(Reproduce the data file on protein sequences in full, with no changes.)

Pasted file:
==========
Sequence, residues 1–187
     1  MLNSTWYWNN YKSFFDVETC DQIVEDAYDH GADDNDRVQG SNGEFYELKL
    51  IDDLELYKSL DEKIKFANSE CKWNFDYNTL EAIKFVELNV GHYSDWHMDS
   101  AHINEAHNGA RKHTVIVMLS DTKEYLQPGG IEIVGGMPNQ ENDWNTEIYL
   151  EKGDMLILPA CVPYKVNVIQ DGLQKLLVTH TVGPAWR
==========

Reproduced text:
Sequence, residues 1–187
     1  MLNSTWYWNN YKSFFDVETC DQIVEDAYDH GADDNDRVQG SNGEFYELKL
    51  IDDLELYKSL DEKIKFANSE CKWNFDYNTL EAIKFVELNV GHYSDWHMDS
   101  AHINEAHNGA RKHTVIVMLS DTKEYLQPGG IEIVGGMPNQ ENDWNTEIYL
   151  EKGDMLILPA CVPYKVNVIQ DGLQKLLVTH TVGPAWR